Saturday, April 17, 2010

The Sculptor

I've been holding off reading The Sculptor by Gregory Funaro for over a month now but felt compelled to give it a go, mainly because the author sent me a free autographed copy in return for a review on  So I owed it to him for one thing.  But that's not why I was avoiding it.  You see, I knew it was about a serial killer and I just didn't want to get bogged down in a novel that was, well, a downer.  I enjoyed the last book I read so much that I wanted to keep the roll going.

Well, let me tell you, this did the trick.  I very much enjoyed this novel, and not because the author gave me a free autographed copy.  In fact, I'm usually tougher on those than others.  This novel, did indeed revolve around a serial killer, but what a great character he turned out to be.  As I've said many times on this blog, I like my bad guys to be great characters.  The Sculptor, who uses his victims to re-create Michelangelo's greatest statues, is not only evil, twisted, etc. but he is also a fully formed character.  As the plot of the novel unfolds we get bits and pieces of his history that makes his complete story a compelling one and even a bit sympathetic.  The protagonists of the story, Dr Cathy Hildebrant and Special Agent Sam Markham of the FBI are also fully developed charcters but I think they end up taking a back seat to the Sculptor himself.

The plot moved along nicely, the pacing was spot on, and the settings were realistic.  I was on the edge of my seat waiting for the next development.  I also enjoyed learning about Michelangelo without feeling like I was being lectured.  My only criticism is a minor one...about the romantic subplot between the two protagonists.  This seemed quite predictable, right from the beginning, but I suppose we readers needed it to counter balance the action/suspense portions.  Frankly, it is hard to believe this is Mr Funaro's first published novel.  It reads as good as or better than many of the top mystery/thriller writers today.  I understand there is more coming from this author and I will look for them in the future.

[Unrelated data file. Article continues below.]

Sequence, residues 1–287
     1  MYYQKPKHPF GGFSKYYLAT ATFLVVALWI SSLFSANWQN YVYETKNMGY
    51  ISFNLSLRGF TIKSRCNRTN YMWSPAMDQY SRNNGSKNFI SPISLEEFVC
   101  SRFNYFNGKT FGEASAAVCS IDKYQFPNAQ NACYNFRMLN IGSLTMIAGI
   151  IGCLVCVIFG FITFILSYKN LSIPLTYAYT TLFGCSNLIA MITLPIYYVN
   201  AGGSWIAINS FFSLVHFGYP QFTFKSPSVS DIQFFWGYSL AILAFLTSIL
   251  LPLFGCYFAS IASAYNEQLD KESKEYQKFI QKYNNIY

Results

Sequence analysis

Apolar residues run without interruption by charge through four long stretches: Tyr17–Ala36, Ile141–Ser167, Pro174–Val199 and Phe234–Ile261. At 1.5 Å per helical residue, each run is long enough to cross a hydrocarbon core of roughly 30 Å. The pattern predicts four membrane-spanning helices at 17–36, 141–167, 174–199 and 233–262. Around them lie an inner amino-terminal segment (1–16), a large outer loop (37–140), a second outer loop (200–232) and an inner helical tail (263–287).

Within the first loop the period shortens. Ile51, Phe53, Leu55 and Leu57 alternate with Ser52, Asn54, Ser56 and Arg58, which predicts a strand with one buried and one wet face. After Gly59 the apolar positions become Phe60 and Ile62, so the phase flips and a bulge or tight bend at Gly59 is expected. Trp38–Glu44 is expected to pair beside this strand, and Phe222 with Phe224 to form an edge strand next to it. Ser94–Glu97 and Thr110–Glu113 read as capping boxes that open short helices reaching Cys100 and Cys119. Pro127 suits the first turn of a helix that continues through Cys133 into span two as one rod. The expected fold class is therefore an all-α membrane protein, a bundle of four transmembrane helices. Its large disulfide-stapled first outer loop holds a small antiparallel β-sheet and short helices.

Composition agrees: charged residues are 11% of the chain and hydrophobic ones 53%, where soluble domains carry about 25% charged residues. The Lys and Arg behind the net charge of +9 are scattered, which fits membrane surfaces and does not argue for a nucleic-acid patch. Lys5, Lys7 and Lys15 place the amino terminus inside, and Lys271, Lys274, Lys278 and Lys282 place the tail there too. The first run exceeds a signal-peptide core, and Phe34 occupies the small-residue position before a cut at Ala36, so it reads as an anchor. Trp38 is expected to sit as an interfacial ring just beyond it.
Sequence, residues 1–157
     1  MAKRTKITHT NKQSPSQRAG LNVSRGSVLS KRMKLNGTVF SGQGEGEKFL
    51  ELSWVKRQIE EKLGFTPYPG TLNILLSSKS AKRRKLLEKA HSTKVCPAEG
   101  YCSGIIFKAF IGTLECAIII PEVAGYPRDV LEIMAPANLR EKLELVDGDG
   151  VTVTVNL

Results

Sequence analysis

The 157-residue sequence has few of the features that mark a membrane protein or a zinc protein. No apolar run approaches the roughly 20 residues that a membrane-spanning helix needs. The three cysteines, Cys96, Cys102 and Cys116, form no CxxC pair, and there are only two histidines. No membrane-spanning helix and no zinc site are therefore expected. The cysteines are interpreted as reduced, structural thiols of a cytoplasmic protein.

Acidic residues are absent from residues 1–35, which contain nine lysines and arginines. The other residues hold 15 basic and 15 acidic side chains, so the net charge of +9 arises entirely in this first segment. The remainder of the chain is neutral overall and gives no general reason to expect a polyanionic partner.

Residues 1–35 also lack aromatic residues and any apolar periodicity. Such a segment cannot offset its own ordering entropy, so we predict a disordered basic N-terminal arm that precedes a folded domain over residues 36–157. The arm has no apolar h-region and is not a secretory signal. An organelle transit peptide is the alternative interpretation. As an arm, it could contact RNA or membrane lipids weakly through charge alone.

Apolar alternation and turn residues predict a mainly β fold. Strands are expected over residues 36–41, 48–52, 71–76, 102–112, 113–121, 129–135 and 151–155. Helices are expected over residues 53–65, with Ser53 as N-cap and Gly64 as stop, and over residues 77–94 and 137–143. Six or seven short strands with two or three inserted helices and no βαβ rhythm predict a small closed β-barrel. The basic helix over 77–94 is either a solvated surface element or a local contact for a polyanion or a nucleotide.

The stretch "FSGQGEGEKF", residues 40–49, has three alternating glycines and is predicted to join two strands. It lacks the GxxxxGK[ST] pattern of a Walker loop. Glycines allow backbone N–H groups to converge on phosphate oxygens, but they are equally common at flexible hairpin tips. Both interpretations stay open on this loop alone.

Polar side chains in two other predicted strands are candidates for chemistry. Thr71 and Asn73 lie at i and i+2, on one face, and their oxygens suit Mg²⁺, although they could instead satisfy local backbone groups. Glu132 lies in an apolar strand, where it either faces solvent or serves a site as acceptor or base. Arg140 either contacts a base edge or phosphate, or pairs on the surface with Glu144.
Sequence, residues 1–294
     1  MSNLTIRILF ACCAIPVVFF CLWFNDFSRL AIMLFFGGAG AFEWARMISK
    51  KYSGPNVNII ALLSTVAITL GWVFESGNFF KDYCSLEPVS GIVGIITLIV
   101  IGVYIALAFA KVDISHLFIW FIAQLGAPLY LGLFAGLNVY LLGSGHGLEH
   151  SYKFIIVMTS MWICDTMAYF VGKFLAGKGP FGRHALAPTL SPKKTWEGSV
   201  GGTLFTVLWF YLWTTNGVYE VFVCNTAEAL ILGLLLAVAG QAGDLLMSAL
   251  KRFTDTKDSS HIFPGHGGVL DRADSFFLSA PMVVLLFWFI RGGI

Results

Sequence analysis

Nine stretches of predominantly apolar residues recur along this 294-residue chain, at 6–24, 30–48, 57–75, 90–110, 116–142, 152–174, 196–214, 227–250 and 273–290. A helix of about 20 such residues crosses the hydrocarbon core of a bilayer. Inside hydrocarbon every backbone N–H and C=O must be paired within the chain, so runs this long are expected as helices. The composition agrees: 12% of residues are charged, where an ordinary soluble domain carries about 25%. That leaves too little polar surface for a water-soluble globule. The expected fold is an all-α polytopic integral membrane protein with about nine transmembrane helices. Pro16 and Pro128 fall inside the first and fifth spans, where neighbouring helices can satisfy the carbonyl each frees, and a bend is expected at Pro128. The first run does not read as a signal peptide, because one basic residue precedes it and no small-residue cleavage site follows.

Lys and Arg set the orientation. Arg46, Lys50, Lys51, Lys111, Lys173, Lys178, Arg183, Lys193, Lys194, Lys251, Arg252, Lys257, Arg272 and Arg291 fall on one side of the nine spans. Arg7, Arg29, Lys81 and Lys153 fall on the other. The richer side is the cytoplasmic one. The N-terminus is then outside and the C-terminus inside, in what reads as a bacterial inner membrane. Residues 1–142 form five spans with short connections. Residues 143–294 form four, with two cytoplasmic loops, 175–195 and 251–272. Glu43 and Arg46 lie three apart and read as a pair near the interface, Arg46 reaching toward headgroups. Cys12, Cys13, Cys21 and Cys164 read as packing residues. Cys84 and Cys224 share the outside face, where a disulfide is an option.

"Rainbird" is a very cool time travel story, written by R.A. Lafferty, early in his career and published again in The Best Time Travel Stories of the 20th Century.  He has a rather uniqie style which often ignores the typical "rules" of writing.  This story starts in the past, 1785 to be precise, and we get to watch the life of Higgston Rainbird, a small time inventor who, near the end of his life invents a "retrogressor."  He is chagrined to realize he has run out of time in his life before he could get to invent all the things he really wanted to get around to.  So he goes back in time, meets himself at a young age and gives himself all kinds of shortcuts for how to get more done during his life time.  No worries about time paradox here!  So now he lives a full life of amazing inventions including most everything we have today, even space travel to the Moon and Mars...all prior to 1850.  But once again, he goes back to speak to his younger self and tries to improve even more...only this time he doesn't listen to himself.  The result: he is now just a small time inventor once again...and no retrogressor.  Cool story.

Next up, James Nelson's Glory in the Name.

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Top 10 Books in no particular order (Well Known Authors)

  • "The Stand" by Stephen King
  • "Kane and Able" by Jeffrey Archer
  • "The Killer Angels" by Michael Shaara
  • "The Dark Elf Trilogy" by RA Salvatore
  • "Name of the Wind" by Patrick Rothfuss
  • "River God" by Wilbur Smith
  • "Mortalis" by RA Salvatore
  • "Ender's Game" by Orson Scott Card
  • "Centennial" by James A Michener
  • "The Repairman Jack" series by F. Paul Wilson

Top Books/ Series in no particular order (Lesser Known Authors)

  • "The Sculpter" by Gregory Funaro
  • "Power Down" by Ben Coes
  • "Revolution at Sea Saga" by James L. Nelson
  • "Black Rain" by Graham Brown
  • "Top Producer" by Norb Vonnegut
  • "Prairie" by Anna Lee Waldo
  • "The Wild Blue" by W. Boyne & S Thompson
  • "Unsolicited" series by Julie Kaewert
  • "Freedom" by William Safire